He told reporters after the vote: “The point of the matter is if we had won today…both parties could have gone out and said we finally overcame all of the partisanship we see here in Washington. This could have been a political winner, if you like, and certainly a public policy winner for both Democrats and Republicans.”

More than two dozen veterans groups had supported the measure. According to the Washington Post, Daniel M. Dellinger, national commander of the American Legion, said, “I don’t know how anyone who voted ‘no’ today can look a veteran in the eye and justify that vote. Our veterans deserve more than what they got today.”

According to MediaMatters, the watchdog group, the media failed miserably in letting the public know Republicans were blocking the legislation.

“While mainstream media coverage of the serious allegations of improper practices at certain Department of Veterans Affairs (VA) health clinics has been extensive in recent weeks, a bill to expand health care for veterans that was blocked by Senate Republicans in February received little attention,” it noted.

“…Based on a LexisNexis search television transcripts from February 26 to 28, the veterans health bill was not covered by ABC World News, NBC Nightly News, or CBS Evening News,” the media monitoring group said. “Based on a LexisNexis search of news articles from February 26 to 28, neither the New York Times nor the Wall Street Journal reported on Senate Republicans’ obstruction of the legislation that would have allowed the VA to open 27 new health facilities.”

The media has also done a poor job describing how proposed budget cuts will impact veterans.

For example, the Republican-led cuts to the Supplemental Nutritional Assistance Program (SNAP), formerly known as food stamps, will hurt veterans as well other low-income families, according to the Center on Budget and Policy Priorities (CBPP), a Washington-based think tank.

“Nationwide, in any given month, a total of 900,000 veterans nationwide lived in households that relied on SNAP to provide food for their families in 2011, a previous analysis of Census data estimated,” a report by the CBPP noted. “…For low-income veterans, who may be unemployed, working in low-wage jobs, or disabled, SNAP provides an essential support that enables them to purchase nutritious food for their families.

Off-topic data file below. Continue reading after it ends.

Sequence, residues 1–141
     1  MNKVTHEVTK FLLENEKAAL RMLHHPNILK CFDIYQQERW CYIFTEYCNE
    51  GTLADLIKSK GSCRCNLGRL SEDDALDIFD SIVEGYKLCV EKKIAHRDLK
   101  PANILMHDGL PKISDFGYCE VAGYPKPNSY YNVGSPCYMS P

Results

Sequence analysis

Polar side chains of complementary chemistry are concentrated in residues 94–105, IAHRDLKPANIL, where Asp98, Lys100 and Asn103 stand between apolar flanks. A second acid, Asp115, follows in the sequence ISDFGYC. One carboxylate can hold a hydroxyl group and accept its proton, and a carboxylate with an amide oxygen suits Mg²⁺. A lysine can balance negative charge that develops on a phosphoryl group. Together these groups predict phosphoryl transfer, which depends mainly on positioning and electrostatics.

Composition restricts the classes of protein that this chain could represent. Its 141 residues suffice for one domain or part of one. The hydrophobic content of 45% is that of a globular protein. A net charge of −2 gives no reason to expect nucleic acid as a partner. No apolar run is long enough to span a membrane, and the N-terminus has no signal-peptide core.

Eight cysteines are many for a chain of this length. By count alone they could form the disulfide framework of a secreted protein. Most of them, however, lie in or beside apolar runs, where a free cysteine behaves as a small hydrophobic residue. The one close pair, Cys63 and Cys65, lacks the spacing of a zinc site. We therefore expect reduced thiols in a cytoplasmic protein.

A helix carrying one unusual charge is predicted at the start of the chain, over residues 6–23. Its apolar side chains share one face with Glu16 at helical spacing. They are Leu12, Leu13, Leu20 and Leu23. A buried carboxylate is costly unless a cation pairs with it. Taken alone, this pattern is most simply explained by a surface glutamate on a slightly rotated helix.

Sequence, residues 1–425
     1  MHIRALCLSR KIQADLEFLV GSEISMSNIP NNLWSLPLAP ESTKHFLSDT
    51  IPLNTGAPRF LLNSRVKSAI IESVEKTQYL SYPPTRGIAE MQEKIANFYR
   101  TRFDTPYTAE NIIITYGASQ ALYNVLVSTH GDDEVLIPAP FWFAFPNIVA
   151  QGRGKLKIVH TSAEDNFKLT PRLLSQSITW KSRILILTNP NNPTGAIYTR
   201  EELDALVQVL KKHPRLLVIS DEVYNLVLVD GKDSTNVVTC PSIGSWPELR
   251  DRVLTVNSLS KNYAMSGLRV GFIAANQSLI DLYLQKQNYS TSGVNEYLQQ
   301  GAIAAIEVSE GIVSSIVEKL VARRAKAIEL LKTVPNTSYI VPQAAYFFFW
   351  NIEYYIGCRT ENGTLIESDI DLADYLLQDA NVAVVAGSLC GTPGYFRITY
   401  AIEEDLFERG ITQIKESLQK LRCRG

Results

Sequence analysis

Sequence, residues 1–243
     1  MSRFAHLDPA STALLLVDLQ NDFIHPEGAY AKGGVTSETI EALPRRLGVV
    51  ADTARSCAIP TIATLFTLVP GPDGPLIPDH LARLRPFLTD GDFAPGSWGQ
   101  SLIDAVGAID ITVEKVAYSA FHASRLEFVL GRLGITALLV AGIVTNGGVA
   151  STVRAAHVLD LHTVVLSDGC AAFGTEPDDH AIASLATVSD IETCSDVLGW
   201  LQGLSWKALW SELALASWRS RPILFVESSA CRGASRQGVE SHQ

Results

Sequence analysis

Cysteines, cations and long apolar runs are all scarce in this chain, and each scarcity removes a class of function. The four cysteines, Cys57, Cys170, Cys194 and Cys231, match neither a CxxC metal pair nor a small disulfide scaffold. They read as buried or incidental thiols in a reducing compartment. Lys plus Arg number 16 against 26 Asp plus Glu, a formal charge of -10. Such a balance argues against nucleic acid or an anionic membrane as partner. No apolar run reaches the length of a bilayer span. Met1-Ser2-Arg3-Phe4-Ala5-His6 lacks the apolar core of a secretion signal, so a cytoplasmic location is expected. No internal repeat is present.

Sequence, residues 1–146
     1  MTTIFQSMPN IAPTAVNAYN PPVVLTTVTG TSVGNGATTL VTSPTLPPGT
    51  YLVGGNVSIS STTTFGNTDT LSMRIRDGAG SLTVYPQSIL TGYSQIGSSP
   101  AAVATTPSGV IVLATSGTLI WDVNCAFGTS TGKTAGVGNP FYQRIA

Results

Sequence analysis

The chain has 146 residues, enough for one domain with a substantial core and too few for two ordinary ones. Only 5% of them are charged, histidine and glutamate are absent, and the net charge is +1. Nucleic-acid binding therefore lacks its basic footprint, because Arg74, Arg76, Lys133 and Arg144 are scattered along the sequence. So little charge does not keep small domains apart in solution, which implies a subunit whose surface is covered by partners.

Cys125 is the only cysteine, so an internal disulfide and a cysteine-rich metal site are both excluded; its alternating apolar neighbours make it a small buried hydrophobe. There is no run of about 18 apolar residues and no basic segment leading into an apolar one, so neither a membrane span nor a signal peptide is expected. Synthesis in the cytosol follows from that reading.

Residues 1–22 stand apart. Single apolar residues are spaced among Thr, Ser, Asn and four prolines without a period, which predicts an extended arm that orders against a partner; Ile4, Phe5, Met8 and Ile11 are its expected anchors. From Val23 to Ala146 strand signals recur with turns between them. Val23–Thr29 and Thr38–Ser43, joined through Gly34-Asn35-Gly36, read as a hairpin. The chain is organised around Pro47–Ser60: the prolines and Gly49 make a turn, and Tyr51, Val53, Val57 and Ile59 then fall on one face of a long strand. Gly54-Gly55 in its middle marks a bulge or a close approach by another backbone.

“..While the overall unemployment rate for veterans is lower than the national average, the unemployment rate for recent veterans (serving in September 2001 to the present) remains high, at 10.1 percent in September 2013. About one-quarter of recent veterans reported service-connected disabilities in 2011, which can impact their ability to provide for their families: households with a veteran with a disability that prevents them from working are about twice as likely to lack access to adequate food than households without a disabled member.”

Republicans need to do more than simply wave the American flag.

George E. Curry, former editor-in-chief of Emerge magazine, is editor-in-chief of the National Newspaper Publishers Association News Service (NNPA.) He is a keynote speaker, moderator, and media coach. Curry can be reached through his Web site, www.georgecurry.com. You can also follow him at www.twitter.com/currygeorge and George E. Curry Fan Page on Facebook.

The Browning of Public Schools after 'Brown'

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(NNPA) This is the 60th anniversary of the landmark Brown v. Board of Education Supreme Court decision outlawing “separate but equal” schools. And like most major anniversaries, incorrect information surfaces as purported fact, doing a disservice to the accomplishment being celebrated as well as truth itself.

In this instance, some have asserted that because of re-segregation, public schools in the South, where most African Americans live, are more segregated now than when Brown was handed down. That is simply untrue and if you want to read a comprehensive account of what has truly happened in school desegregation over the past 60 years, there is no better source than “Brown at 60: Great Progress, a Long Retreat and an Uncertain Future,” published by The Civil Rights Project at UCLA.

First, let’s dispense with the nonsense.

“The claims that black students in the South are no better off than they were before Brown, in terms of segregation, are obviously wrong,” the report stated. “They are ten times as likely to be in majority-white schools as they were when the Civil Rights Act passed.”

The 42-page report is packed with illuminating facts about progress made in the wake of Brown and the subsequent retrenchment. But to appreciate the significance of Brown, it is necessary to understand what our schools looked like before the court decision.